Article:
Crude Oil Inventories fell by -0.884 million barrels (compared to the expected gain of 0.636M) while the Pending Home Sales (MoM) grew 0.1% in October, compared to the 0.2% that had been forecasted (and the previous 1.5% was revised downward to 1.4%).
The ADP Nonfarm Employment Change in November came in at 216K (better than the 165K that was expected) but the previous 147K was revised lower to 119K.
If you look at the Labour Differential, you will see that it has been steadily growing due to a good job market. In fact, it is at its highest level since the Financial Crisis of 2008, which means that there is a chance that the unemployment rate could still drop further. This will be announced in Friday’s jobs report.
Everything is coming together for a rate hike in December by the FOMC. Tomorrow’s ISM Manufacturing PMI for November, expected to be 52.3 (previously 52.9) will provide greater evidence of this. Also out tomorrow, we will get the U.S. November Auto Sales and Manufacturing PMI out of China.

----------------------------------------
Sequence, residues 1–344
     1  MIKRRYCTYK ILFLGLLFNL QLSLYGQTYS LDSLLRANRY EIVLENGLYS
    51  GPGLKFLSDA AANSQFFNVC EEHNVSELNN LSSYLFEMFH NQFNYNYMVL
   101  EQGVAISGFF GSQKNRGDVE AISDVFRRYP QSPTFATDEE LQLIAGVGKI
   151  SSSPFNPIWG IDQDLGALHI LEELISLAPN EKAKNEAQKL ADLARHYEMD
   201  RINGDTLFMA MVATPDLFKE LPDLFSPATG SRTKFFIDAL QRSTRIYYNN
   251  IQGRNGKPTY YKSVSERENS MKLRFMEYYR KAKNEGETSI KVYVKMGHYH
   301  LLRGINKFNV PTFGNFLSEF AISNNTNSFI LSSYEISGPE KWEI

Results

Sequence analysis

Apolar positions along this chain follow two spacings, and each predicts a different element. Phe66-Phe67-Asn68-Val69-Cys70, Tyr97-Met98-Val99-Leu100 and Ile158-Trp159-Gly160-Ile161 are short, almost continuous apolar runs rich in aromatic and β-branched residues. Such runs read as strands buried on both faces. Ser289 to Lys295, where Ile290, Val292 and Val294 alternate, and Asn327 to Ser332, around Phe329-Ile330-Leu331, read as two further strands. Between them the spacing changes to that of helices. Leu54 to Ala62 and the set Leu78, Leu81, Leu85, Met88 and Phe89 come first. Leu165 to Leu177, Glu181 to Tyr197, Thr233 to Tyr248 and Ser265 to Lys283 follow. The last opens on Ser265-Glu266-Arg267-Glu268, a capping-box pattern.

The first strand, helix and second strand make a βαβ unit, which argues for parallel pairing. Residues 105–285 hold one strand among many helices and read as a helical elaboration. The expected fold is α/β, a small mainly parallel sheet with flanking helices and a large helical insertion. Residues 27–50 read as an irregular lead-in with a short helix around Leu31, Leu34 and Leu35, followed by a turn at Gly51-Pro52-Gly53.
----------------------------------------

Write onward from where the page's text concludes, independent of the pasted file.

The three biggest gainers on the Nasdaq today were: Memorial Production Partners LP (MEMP) up +$0.205 (+65.02%) higher to $0.520, Superconductor Technologies Inc. (SCON) up +$0.980 (+49.00%) higher to $2.980, and Globus Maritime Ltd. (GLBS) up +$1.210 (+21.72%) higher to $6.780 after already rising +46.19% higher in the previous session.
The three biggest decliners today were: Arrowhead Pharmaceuticals Inc. (ARWR) down -$2.950 (-67.20%) lower to $1.440, Cerecor Inc. (CERC) down -$2.640 (-55.93%) lower to $2.080, and Towerstream Corp. (TWER) down -$0.1265 (-36.51%) lower to $0.2200
Acasti Pharma Inc. (ACST) tumbled -$0.400 (-22.22%) lower to $1.400 after it rose +33.33% in its prior session. Earlier this week, the firm announced that Linda O’Keefe is the new Chief Financial Officer. You can see on the chart (above) that the stock has seen many break-outs in the past year but usually trades within a range.
Netflix Inc. (NFLX) is allowing subscribers to binge watch their shows offline. The stock retreated -$0.470 (-0.40%) lower to $117.04 in today’s session.
Facebook Inc. (FB) is dealing with significant risk surrounding its fake news issue. Shares of the company declined by -$2.450 (-2.03%) lower to $118.42 today.
Among some of the other big tech shares that weighed on the Nasdaq today, Amazon.com Inc. (AMZN) lost -$11.950 (-1.57%) lower to $750.570 and Alphabet Inc. (GOOGL) fell -$13.560 (-1.72%) lower to $775.880.